California Is in Serious Trouble
California. It’s a place like no other – known for its gorgeous weather, attractive beaches, majestic mountains, beautiful wildlife, famed celebrities, and the place where dreams come true.
But the stark reality is that California’s climate is changing, and droughts and wildfires are becoming more frequent and severe. Not to mention that more and more people are being exposed to toxic drinking water each year.
According to public compliance data compiled by the California State Water Resources Control Board, more than 300 public water systems in California serve unsafe drinking water, and nearly one million Californians are exposed to it each year.
California’s Drinking Water Problems
The water crisis is an issue statewide in California, but about half of all failing water systems are in the agricultural San Joaquin Valley.
The San Joaquin Valley is California’s largest agricultural region and an essential contributor to the nation’s food supply.
However, a chronic decline in groundwater levels has caused drinking water wells to go dry in a number of the region’s communities.
In 2013, people began to notice the wells on their properties starting to run dry amid California’s infamous six-year drought. Presently in 2019, the valley is ground zero for many of California’s most challenging water management difficulties—including, but not limited to:
- Groundwater overdraft
- Drinking water contamination
- Declines in habitat and native species
The water crisis in California is finally drawing forth much-needed media attention. It is forcing politicians and world leaders to answer some of the biggest environmental questions, signaling just how serious the current situation is.
“California failing to meet federal water quality standards.”
Last month, The Trump administration warned California officials that the state is failing to meet federal water quality standards. The EPA also singled out San Francisco for unsafe drinking water, which is a larger problem in the Central Valley, where the agriculture industry has polluted some rural communities’ tap water.
The EPA particularly called out troubling stormwater management and water treatment efforts in San Francisco and named concerns with 202 public water systems in California, affecting the drinking water of about 800,000 people.
Public Drinking Water Systems in California
According to a decade-long U.S. Geological Survey study, nearly one-fifth of the raw groundwater used for public drinking water systems in California contains excessive levels of potentially toxic contaminants.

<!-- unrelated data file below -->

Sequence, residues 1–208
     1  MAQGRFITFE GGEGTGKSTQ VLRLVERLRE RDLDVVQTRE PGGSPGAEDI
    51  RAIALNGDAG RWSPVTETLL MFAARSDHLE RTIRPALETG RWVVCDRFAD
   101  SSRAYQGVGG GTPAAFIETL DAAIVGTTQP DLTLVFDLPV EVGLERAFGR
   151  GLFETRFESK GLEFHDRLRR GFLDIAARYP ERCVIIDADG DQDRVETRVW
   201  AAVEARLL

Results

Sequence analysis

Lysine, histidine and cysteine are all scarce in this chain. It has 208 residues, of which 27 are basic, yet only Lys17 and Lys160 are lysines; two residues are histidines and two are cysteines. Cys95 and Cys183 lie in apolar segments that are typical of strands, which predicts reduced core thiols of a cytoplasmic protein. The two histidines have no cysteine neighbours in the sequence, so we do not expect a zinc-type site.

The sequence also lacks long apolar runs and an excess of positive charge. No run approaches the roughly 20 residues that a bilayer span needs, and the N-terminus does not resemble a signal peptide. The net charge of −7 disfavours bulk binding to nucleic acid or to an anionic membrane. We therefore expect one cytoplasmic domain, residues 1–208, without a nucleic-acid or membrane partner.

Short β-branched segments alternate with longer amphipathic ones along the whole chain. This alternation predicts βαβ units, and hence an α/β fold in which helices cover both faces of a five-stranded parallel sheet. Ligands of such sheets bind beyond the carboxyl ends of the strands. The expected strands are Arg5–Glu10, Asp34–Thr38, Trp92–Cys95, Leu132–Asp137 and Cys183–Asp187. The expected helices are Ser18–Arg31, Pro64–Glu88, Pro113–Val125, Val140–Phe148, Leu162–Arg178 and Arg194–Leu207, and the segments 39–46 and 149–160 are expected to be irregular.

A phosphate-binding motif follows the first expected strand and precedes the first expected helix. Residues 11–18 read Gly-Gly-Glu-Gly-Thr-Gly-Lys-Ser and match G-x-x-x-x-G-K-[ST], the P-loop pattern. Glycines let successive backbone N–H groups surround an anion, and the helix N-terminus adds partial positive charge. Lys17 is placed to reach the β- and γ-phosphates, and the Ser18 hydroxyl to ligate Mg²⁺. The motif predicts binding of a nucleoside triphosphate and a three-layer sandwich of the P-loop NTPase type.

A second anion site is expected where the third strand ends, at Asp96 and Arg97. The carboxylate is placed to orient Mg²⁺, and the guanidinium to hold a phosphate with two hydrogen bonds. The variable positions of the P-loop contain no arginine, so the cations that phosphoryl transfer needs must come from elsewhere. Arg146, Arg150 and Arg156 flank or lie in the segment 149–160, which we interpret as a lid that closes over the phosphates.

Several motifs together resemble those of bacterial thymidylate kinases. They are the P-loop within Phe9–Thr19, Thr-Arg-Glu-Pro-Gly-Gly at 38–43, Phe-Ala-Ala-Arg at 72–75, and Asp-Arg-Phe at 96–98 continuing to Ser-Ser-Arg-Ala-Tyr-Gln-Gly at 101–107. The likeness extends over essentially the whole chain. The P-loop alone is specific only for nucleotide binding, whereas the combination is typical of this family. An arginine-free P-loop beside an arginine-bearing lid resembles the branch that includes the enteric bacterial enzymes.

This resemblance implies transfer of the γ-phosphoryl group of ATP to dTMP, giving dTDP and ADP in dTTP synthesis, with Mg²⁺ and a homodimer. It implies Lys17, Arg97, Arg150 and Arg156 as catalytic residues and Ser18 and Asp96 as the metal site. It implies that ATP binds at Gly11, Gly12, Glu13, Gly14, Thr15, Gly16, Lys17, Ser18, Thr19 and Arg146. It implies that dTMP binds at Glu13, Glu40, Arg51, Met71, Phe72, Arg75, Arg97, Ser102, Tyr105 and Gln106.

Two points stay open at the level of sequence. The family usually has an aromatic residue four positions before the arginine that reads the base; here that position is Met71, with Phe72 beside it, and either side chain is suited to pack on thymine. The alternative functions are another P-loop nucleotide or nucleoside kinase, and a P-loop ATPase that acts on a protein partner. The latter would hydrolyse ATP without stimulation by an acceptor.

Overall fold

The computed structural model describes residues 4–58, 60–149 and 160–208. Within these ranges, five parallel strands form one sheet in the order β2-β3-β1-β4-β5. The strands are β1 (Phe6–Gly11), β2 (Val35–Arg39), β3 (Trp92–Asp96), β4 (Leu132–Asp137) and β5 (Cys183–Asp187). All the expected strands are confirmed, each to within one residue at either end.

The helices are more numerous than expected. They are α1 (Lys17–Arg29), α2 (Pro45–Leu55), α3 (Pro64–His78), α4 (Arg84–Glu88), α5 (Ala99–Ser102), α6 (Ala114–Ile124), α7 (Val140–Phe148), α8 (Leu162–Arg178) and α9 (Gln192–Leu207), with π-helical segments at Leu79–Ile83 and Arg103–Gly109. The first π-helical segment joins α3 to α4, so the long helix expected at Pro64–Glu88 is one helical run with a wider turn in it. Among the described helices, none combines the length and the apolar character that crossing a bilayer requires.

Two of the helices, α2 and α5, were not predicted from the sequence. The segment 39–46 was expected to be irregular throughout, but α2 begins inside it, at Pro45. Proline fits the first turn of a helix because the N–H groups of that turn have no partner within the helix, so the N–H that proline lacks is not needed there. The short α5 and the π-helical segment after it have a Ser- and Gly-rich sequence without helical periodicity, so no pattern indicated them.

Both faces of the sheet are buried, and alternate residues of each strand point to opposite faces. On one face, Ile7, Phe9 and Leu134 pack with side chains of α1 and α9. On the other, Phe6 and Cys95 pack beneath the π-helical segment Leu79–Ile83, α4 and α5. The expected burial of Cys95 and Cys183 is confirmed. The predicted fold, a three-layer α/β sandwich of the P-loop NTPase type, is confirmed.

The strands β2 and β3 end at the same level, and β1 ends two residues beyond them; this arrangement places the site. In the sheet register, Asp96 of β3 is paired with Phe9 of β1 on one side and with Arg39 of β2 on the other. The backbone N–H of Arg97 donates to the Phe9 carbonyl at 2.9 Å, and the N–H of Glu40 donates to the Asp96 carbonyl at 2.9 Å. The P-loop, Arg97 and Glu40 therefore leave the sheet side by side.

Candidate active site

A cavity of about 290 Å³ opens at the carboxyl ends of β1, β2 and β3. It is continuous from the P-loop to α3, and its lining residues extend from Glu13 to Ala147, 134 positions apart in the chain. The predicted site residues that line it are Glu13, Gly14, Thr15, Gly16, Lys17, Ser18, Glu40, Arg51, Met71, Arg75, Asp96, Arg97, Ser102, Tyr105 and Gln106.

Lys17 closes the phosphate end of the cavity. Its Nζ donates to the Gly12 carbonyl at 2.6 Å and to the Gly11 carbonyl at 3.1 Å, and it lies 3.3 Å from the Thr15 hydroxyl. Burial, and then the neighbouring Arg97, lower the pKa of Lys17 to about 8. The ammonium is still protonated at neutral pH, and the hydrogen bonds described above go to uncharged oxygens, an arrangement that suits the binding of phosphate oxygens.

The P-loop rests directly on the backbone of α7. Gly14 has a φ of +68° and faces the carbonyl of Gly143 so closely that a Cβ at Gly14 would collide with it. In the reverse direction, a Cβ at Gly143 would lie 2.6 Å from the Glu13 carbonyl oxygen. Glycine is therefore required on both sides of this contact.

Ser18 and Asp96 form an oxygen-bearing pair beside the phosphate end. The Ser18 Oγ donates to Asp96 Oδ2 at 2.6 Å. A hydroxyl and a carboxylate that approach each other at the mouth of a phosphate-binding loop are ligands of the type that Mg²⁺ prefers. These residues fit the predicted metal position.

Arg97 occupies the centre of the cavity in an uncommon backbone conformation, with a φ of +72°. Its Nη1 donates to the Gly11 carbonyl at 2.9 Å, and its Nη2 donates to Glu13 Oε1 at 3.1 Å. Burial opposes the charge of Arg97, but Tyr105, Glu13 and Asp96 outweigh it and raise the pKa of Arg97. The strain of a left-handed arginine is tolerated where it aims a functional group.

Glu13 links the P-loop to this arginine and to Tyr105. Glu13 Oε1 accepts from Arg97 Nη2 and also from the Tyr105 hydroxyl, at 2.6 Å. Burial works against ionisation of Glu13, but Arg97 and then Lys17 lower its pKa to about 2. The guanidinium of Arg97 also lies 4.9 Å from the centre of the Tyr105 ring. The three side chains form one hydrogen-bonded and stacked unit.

Another concern in the study of 11,000 public supply wells statewide is the extent to which high levels of arsenic, uranium and other troubling trace elements are present. The findings also highlight potential concerns involving the more than 250,000 private wells where water quality is the responsibility of individual homeowners.
The survey gives public-policymakers a look at the degree to which agricultural irrigation, industrial pollutants and other uses of groundwater are adding difficulties for underground water reserves, which are now under heavy demand in California’s drought.
Farm irrigation draining into underground water aquifers has contributed to uranium showing up at unsafe levels in 7 percent of public water supplies in the farm-rich San Joaquin Valley. Uranium can raise the risk of kidney ailments and cancer if consumed long-term at high levels.
Water Quality + Water Quantity
For California’s water managers, the challenge right now is the drought.
“Being able to sustain delivery of a safe water supply is the No. 1 concern, of course. But water quality goes hand in hand with water quantity,” said Johwatn Borkovich, an official with the State Water Resources Control Board, who helps oversee the groundwater monitoring program.
Water problems with clear culprits, such as oilfield injection into water aquifers, are comparatively more straightforward for regulators to handle. However, for broader patterns of contamination with no single offender, it’s up to the Legislature to decide whether or not there needs to be more attention paid to the results.
During droughts, low flows and extended heat have raised water temperatures and lowered oxygen levels in rivers and streams. These conditions significantly threaten already-vulnerable fish species and can cause harmful algal blooms. Low flows also increase salinity.